Indian court finds Mumbai suspect guilty

The lone surviving suspect from the attacks that killed 166 people, will be sentenced on Tuesday.

Indian court finds Mumbai suspect guilty

An Indian court on Monday found a Pakistani man guilty on 86 charges from the 2008 Mumbai attacks, including "waging war" on India and murder, in a trial that strained ties between New Delhi and Islamabad.

Mohammad Ajmal Kasab, the lone surviving suspect from the attacks that killed 166 people, will be sentenced on Tuesday and could face the gallows.

Pakistani national Mohammed Ajmal Amir Kasab, 22, was found guilty on the most serious charges over the assault that saw 10 gunmen attack three luxury hotels, a restaurant, a Jewish centre and the main CST train station.

"You have been found guilty of waging war against India, and killing people at CST, killing government officials and abetting the other nine terrorists," judge M.L. Tahaliyani said as he delivered his verdict.

Kasab was convicted on most of the 86 charges against him and faces the death penalty.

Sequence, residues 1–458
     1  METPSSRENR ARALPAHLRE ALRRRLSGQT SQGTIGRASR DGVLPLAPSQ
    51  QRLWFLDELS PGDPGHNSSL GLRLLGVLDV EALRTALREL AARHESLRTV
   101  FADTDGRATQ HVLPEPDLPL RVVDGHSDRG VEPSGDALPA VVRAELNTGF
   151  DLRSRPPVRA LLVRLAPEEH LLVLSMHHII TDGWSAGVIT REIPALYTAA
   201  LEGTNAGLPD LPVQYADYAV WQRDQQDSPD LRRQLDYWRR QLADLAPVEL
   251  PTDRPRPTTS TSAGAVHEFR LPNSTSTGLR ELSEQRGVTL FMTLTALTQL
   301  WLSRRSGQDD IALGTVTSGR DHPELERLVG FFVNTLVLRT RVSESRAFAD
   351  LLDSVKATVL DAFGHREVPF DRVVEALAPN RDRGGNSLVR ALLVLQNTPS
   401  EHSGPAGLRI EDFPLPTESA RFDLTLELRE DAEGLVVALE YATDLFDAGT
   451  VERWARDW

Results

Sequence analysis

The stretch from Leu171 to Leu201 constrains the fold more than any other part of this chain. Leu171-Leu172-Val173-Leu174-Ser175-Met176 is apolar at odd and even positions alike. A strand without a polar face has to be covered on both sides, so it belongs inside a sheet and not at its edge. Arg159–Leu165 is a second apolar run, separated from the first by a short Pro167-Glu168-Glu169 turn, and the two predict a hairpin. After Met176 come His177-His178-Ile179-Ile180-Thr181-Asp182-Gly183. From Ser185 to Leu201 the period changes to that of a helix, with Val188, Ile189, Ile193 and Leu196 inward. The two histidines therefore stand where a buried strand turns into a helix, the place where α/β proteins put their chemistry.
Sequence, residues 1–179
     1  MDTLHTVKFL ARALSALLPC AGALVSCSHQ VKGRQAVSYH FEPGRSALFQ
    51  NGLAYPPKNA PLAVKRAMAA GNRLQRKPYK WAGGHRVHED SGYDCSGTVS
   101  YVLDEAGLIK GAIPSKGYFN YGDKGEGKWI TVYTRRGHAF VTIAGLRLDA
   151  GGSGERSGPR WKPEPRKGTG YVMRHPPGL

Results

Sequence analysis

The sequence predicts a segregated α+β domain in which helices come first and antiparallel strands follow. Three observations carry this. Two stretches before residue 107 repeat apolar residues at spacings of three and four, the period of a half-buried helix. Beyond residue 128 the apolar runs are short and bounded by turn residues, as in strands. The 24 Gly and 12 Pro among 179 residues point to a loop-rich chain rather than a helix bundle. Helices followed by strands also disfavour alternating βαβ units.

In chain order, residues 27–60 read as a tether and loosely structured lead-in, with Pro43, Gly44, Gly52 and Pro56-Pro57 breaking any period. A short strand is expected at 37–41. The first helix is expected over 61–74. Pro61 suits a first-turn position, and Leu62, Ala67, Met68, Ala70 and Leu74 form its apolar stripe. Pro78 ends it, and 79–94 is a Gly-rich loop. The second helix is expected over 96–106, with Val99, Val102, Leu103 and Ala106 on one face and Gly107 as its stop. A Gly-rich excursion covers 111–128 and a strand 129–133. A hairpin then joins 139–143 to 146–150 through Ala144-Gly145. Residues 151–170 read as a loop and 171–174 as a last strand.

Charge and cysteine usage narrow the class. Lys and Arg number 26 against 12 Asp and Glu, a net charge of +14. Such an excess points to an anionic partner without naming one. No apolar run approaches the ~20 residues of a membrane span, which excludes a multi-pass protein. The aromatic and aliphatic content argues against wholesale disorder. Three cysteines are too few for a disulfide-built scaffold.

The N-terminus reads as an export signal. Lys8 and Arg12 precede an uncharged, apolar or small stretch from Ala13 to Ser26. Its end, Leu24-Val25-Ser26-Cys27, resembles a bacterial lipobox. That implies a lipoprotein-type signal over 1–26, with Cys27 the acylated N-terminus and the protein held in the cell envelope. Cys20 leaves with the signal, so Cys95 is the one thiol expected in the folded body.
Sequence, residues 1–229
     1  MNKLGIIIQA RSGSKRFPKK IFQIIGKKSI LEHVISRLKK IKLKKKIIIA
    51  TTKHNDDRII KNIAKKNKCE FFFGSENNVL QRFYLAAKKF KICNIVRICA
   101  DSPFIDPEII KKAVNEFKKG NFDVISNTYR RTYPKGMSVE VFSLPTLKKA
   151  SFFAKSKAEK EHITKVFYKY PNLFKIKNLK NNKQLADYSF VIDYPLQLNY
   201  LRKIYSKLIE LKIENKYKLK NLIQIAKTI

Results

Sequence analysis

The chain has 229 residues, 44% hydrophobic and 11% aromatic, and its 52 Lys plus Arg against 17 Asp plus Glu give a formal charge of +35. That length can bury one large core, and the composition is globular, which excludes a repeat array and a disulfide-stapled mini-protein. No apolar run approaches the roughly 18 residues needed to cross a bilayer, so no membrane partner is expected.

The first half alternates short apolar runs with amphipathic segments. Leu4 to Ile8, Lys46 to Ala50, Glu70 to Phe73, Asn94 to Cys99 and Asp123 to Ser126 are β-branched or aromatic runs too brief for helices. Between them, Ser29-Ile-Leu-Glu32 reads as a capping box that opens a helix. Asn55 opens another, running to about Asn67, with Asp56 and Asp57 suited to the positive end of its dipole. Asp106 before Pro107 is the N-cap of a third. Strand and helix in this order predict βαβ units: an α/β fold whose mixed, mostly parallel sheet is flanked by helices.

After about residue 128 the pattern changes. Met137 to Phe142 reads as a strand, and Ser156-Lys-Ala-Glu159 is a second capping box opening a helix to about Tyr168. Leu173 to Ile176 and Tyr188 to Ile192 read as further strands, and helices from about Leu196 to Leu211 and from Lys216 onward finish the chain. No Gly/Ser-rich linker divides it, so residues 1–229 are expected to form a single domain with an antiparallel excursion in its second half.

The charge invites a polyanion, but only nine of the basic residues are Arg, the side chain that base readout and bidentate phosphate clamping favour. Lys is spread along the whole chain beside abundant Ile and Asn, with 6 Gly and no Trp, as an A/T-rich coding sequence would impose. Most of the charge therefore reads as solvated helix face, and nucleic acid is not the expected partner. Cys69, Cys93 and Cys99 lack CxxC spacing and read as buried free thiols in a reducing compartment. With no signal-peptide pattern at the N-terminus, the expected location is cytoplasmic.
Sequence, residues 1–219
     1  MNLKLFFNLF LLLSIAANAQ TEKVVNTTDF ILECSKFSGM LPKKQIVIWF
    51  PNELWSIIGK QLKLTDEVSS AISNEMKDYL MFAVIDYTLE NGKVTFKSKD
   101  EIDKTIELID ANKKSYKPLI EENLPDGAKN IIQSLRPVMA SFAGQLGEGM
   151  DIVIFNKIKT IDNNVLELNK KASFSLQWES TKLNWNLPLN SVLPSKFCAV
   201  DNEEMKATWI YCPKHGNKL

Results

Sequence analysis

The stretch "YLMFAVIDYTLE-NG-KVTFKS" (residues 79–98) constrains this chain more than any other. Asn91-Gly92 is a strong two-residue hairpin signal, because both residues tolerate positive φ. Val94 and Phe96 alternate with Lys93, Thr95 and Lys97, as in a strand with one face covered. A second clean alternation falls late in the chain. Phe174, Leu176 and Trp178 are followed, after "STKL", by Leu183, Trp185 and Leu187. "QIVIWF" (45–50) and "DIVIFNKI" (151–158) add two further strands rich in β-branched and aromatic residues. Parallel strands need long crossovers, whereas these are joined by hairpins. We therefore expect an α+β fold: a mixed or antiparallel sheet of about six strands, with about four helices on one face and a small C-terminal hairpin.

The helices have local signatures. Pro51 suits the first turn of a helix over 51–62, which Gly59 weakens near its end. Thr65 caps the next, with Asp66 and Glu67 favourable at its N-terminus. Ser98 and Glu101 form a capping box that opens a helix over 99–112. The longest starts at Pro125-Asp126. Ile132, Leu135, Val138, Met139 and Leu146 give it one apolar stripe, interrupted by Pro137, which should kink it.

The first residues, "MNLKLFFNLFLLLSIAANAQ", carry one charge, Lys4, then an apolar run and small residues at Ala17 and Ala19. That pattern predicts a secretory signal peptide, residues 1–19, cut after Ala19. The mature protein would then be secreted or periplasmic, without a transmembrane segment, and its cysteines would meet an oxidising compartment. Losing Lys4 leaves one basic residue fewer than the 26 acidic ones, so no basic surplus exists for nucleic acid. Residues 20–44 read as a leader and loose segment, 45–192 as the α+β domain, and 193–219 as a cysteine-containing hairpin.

Dressed in a long white shirt from his native state of Punjab, Kasab stood impassively in the dock in the special prison court as the verdict was announced.


Two Indian nationals Fahim Ansari and Sabauddin Ahmed accused of providing logistical support to the suspects by supplying them with handwritten maps of the city were found not guilty.

The widely-expected judgement came after the prosecution said there was "overwhelming" evidence against Kasab, including DNA and fingerprints, security camera footage and photographs showing him with a powerful AK-47 assault rifle.

Kasab, a school drop-out, was captured in a photograph walking through Mumbai's train station wearing a backpack and carrying an AK-47 in one of the defining images of the attacks.

The former labourer initially denied the charges, then pleaded guilty, before reverting to his original stance and claiming that he was set up by the police and had been in Mumbai only to watch films.

Observers expect the judge to hand down the maximum death sentence when a sentence is announced on Tuesday, but a lengthy, possibly open-ended, appeal through the Indian courts is likely.


Last Mod: 03 Mayıs 2010, 16:32
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